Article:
Although at first it might seem like each Activity delivers a single fact, in reality that is not true. Each fact is nothing more then a signal of some accomplishment therefore if you have a complex activity there could me more them a single fact registered per such Activity. However, if you decide that a particular Activity is transactional and must output all the facts or none, then you should implemented as such, but by default I am not implying transactional characteristics on fact registry, which means that a failed Activity could still register few facts based on things it managed to accomplish.

Branching, etc by D S

Your method looks good for linear process models with conditional activities, but would you agree that most process models will also require branches and other process model features?

Re: Branching, etc by Oleg Zhurakousky

I completely agree and in no way I think of this particular approach as replacement for BPM engine. Just a quick example on how using AOP and Spring in general, one can quickly build and orchestrate a light-weight, embedded process flow.
Having said that, I do have to acknowledge that this sample and this article is greatly simplified from what I am currently working on along the lines of Workflow Orchestration and BPM, where branching/forking, asynchronous processes, event handling and cloud-deployable tasks are all part of the implementation.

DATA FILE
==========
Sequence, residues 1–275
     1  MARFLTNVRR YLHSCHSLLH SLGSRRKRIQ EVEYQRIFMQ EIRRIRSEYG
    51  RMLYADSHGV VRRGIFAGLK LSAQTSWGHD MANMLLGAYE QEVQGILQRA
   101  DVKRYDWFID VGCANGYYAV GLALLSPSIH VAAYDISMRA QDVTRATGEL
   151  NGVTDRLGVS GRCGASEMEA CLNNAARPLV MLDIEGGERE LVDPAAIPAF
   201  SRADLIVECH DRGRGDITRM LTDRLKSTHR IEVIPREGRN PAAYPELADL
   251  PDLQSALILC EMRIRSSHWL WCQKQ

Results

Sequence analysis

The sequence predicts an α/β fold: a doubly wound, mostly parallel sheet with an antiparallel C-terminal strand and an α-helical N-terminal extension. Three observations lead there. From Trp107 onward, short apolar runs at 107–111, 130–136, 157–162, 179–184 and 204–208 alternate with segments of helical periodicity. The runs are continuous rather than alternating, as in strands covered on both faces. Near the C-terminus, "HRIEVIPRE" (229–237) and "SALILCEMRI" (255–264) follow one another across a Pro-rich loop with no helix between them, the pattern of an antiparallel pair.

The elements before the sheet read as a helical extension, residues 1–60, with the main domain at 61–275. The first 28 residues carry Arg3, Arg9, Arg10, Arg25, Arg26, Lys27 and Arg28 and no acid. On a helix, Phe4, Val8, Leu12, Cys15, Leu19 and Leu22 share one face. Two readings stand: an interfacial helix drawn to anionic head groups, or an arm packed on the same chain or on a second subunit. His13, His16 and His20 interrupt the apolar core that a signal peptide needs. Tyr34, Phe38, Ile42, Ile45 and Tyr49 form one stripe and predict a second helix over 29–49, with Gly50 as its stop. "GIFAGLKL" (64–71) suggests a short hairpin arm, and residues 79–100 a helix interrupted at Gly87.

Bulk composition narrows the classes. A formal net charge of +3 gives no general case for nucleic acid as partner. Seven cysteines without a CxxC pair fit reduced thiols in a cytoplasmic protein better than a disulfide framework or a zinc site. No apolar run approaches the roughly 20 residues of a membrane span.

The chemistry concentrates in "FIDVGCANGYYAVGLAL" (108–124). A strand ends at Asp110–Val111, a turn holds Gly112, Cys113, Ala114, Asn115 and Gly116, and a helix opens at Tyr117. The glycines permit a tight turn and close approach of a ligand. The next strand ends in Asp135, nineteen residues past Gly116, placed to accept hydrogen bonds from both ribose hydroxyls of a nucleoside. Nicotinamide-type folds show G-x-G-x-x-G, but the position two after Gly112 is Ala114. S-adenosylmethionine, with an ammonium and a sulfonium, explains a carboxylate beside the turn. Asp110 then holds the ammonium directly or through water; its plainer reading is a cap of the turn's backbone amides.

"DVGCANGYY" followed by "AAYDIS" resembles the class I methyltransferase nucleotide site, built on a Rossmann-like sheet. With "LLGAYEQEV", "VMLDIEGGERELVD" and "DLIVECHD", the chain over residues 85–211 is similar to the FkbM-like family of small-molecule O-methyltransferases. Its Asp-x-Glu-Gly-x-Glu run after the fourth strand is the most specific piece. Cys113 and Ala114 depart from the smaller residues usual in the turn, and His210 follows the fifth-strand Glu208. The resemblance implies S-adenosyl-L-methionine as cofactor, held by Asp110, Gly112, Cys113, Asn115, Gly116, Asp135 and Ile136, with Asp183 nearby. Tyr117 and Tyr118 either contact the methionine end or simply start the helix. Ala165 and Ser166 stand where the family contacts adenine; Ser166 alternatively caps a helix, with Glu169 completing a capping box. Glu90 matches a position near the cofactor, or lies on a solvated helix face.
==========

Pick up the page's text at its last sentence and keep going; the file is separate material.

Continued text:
Tool Support by John Reynolds

Just curious on your take on Tool Support - specifically Process Visualization via BPMN or something similar.

Re: Tool Support by Oleg Zhurakousky

John

That's a good question and I'll be honest, I haven't given it much thought yet. For now it's more about experimenting/prototyping with several different implementations at the conceptual level without set scope or constraint.
However, BPMN (in my view) is notation mechanism to document and understand "business processes" while formalizing them around basic elements such as Events, Activities, Gateways, Connections etc. . . It also recognizes and formalizes various process modeling patterns such as Basic Control, Branching and Synchronization, Iteration etc. . . However, BPMN doesn't mandate an implementation model (although one might argue this from BPEL perspective). In any event, I am currently more curious in trying to experiment with different (lighter-weight) approaches of implementing such concepts and patterns outside of current execution models implemented around BPEL. So, although I don't see any conflict in how Business process is documented (BPMN or Flow Chart), I am drawing a clear separation between Process Modeling and Process Execution.